Imagine if the Eno/Schmidt Oblique Strategies, a music theory book, and an Ableton quick-start manual all got caught in a transporter accident with a bunch of different music producers.*
That seems to be what you get with Making Music: A Book of Creative Strategies. In one sense, the aim is to be none of these things. It’s not a manual. It’s not a template for music making. It doesn’t, apparently, rely much on musical theory in the traditional sense.
But, then, if you know the man behind it – Dennis DeSantis, a classical percussion virtuoso and composer turned documentation czar – this all makes sense.
The book is divided into the three places where you might become stuck creatively:
And in each section, it includes both problems and solutions, plus hands-on reflections from artists, ranging from experimental to club. (I wish it had sections for “soups” and “desserts,” but this isn’t my book.) Sometimes, it’s talking about specific harmonies in house music. Sometimes, it’s reflecting on the very act of listening.
The list of inexpensive electronic instruments you can have for a little bit of change continues to grow. The Saw Bench, now on Kickstarter, is a 100% analog monosynth. You get one voice, one oscillator with modulation, in a box with some hands-on control via knobs and MIDI input (for notes and control).
It’s so nice, and so cheap, that I had to go talk to its creators to find out the whole story. And that lead to a nice chap from the Netherlands by the way of Pieter van der Meer.
I was especially confused about the price – at 100€ assembled, they’re more or less putting it together for free and charging you not much beyond their cost. So I asked about that, too. (Spoiler: this box is a calling card for them as makers – and what a nice calling card it appears to be!)
First, we saw midimux connect any MIDI app or hardware on your iOS device to any MIDI software or hardware connected to your Mac. Plus in a 30-pin or Lightning cable, run some software on each end, and connect anything. Then, we saw the promise of audiomux – doing the same thing for audio streams.
Now, audiomux is available on the App Store, not only individually, but as a bundle with midimux. (The developers initially asked midimux users to wait while that bundle became available, to avoid overspending.)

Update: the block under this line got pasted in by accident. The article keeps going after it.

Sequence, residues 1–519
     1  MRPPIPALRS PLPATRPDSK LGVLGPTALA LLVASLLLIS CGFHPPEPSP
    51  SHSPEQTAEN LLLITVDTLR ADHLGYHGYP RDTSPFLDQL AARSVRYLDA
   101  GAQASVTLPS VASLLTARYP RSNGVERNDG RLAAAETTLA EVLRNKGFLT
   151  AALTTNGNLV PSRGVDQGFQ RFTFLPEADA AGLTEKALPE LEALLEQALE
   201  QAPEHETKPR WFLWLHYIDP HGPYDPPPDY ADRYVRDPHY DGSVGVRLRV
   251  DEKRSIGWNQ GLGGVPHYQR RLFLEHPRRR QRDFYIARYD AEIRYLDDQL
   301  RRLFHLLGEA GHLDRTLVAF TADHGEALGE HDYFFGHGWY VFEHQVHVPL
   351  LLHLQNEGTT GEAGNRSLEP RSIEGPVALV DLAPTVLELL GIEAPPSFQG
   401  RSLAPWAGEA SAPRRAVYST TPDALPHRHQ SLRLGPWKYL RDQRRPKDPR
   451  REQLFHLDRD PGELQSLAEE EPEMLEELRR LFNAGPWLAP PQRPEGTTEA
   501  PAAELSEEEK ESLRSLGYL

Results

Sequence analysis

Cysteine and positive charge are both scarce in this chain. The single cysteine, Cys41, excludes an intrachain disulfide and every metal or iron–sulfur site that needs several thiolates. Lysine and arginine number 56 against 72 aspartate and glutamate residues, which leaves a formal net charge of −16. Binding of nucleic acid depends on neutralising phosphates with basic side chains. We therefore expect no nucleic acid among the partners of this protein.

And, as all of this have unfolded, a number of videos and hands-on tests have demonstrated what it can do. Plus, there’s a new (competing) solution out for Windows users, too, so you don’t have to feel left out. Let’s get caught up.
Here’s a great video walkthrough of both midimux and audiomux by the folks at thesoundtestroom:
The future happens gradually — and then by the time you’re sequencing a Web browser using Rubik’s Cubes, you might barely notice.
But Sweden’s most inventive producer is back yet again with his latest novelty, this time turning one of the world’s best-selling toys (hundreds of millions of units) into a usable sequencer.
Håkan Lidbo (concept and sound design) teams up with Per-Olov Jernberg (programming & visual design) and Romeo Brahasteanu (game board). The clever conceit here is to swap black for one of the colors, thus creating a foreground and background. Make a 4×4 grid of these cubes of 4×4 each, and you have a very usable sequencer – in fact, one more flexible than a lot of hardware sequencers out there, I might add. (It also bears some resemblance to my favorite drum machine of the moment, iOS’ Elastic Drums.)
The design is simple. And the functionality, like other computer vision-powered sequencers, is reasonably straightforward. Continue reading »